The usual formula for such movies is that the man accused of a crime he doesn’t commit has to escape from custody and prove his innocence. This movie doesn’t follow that formula. Scott spends virtually the entire movie behind bars. As a result it’s up to Carol to prove his innocence. That makes Carol the central character, and it means that the movie stands or falls on Ella Raines’ performance. Fortunately she’s more than equal to the task. She’s superb. Carol is a sweet kid from Kansas but she’s also a resourceful, intelligent and very determined young woman.

Phantom Lady (1944)


Franchot Tone made a lot of movies but rarely got good roles. This time he has to do some serious acting and he relishes the opportunity.

Elisha Cook Jr gets one of his meatiest supporting roles. He plays a drummer in the theatre where Scott took the mystery lady. He’s a key witness and the famous jam session as seduction/foreplay scene is one of the most memorable, and one of the most erotic, in all of film noir.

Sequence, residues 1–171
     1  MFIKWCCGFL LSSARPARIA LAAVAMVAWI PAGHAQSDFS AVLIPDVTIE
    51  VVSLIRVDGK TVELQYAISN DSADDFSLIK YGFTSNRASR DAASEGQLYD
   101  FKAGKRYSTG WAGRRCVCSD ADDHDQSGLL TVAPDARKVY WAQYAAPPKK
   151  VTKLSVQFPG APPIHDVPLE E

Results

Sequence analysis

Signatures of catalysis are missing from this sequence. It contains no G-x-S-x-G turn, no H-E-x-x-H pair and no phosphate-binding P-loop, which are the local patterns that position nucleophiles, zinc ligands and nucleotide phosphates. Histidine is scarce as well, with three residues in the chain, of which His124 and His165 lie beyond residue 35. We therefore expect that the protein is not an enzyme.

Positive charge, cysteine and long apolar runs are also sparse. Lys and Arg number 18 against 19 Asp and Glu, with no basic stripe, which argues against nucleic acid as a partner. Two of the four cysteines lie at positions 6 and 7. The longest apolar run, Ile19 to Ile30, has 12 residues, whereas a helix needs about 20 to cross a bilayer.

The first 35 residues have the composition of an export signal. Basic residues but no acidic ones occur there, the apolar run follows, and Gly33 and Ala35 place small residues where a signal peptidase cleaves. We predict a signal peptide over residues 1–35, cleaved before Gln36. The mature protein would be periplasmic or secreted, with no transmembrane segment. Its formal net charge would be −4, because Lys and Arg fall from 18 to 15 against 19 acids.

Phantom Lady (1944)

Alan Curtis has little to do but he’s solid and Thomas Gomez is good as Detective-Inspector Burgess, a man who has no personal feelings one way or the other about Scott Henderson but he does have a stubborn sense of duty and and it’s his duty to send guilty men to the chair, not innocent men.

Director Robert Siodmak and his cinematographer Elwood Bredell demonstrate a mastery of the visual iconography of film noir. The movie was based on a Cornell Woolrich novel and Woolrich’s dark and twisted novels always adapt superbly to film.

Phantom Lady (1944)

The Region 4 DVD seems to be the only one available apart from a Spanish release. It’s barebones but quite acceptable.

A terrific and very stylish noirish thriller, and highly recommended.

Saturday, February 25, 2012

7 Men From Now (1956)

7 Men From Now was the first of a series of westerns starring Randolph Scott and directed by Budd Boetticher. These westerns are the movies on which the director’s considerable cult reputation rests.